“Such claims can harm patients by discouraging them from seeking FDA-approved medical products that have been demonstrated to be safe and effective for these medical conditions,” said FDA Commissioner Scott Gottlieb in a statement.
“As the popularity of supplements has grown, so have the number of entities marketing potentially dangerous products or making unproven or misleading claims about the health benefits they may deliver.”
The warning letters, some written in partnership with the Federal Trade Commission, were sent to companies including Earth Turns, TEK Naturals, John Gray's Mars Venus, Blue Ridge Silver and Gold Crown Natural Products. The full list is available on the FDA's website. Products that were illegally marketed included green tea extract, fish oil supplements, bovine colostrum and melatonin.
Three-quarters of adult Americans and a third of children regularly take a dietary supplement, the agency noted. The industry is now worth more than $40 billion, producing up to 80,000 products, including pills, powders and liquids.
But dietary supplements can’t claim to prevent, treat or cure diseases like Alzheimer’s, Gottlieb said. Previous FDA action has targeted companies that have made similar false claims about their products' helping patients with cancer and opioid addiction.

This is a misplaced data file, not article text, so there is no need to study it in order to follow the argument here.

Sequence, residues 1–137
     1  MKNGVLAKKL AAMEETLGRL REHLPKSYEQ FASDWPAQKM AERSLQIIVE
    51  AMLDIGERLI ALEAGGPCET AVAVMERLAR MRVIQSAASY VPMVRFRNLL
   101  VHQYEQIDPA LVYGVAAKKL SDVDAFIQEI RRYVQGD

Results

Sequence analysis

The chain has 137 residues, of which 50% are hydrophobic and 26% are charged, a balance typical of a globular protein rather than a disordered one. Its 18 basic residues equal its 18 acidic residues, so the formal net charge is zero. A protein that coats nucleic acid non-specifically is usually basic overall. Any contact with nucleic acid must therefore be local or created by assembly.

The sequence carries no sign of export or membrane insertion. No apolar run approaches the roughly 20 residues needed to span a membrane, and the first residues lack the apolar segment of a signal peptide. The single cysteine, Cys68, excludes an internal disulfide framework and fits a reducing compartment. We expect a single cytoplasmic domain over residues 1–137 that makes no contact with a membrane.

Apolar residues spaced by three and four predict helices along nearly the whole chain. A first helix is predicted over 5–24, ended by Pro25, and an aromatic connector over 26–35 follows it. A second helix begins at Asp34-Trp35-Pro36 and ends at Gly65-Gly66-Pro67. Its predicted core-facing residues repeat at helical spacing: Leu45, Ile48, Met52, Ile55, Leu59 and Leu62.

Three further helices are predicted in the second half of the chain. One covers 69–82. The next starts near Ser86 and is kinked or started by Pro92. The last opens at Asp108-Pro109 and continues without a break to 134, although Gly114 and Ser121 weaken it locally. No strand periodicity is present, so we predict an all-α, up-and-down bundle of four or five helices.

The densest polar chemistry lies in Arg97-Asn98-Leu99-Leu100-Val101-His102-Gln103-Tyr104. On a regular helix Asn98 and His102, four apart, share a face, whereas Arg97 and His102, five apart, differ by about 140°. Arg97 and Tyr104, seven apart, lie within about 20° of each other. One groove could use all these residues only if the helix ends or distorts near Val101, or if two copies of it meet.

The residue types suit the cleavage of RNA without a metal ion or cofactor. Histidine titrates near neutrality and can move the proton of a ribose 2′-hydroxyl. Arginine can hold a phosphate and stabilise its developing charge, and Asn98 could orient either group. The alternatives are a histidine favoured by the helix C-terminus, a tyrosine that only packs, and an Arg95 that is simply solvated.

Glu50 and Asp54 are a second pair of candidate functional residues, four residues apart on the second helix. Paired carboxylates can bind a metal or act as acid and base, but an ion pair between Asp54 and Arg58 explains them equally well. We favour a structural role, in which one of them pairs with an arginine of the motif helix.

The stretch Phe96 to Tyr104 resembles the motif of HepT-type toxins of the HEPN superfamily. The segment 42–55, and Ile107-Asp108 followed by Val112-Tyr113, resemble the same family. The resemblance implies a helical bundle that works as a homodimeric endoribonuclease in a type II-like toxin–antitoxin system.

Monday’s crackdown came as the FDA also announced that it was starting what it called one the most sweeping modernizations of dietary supplement regulation and oversight in 25 years.
"I've personally benefited from the use of dietary supplements and, as a physician, recognize the benefits of certain supplements," Gottlieb said. "Consumers need to have access to safe, well-manufactured, and appropriately labeled products."
As part of that goal, the agency is creating a new “rapid-response tool“ to let people know more quickly when a supplement ingredient is potentially dangerous. It is also is looking into ways of being better notified when the industry develops a new dietary ingredient and has created a Botanical Safety Consortium, which will look at better ways to test the safety of supplement ingredients.
The Council for Responsible Nutrition, the trade group for the supplement industry, praised the FDA's "enthusiasm for rooting out bad actors who put consumers at risk by spiking products with unapproved ingredients or drugs."
"We welcome additional enforcement actions to bring to justice those who would cynically trade on the halo effect of responsible industry to make a quick buck while ignoring the safety and health of consumers," Steve Mister, president and CEO of the council, said in a statement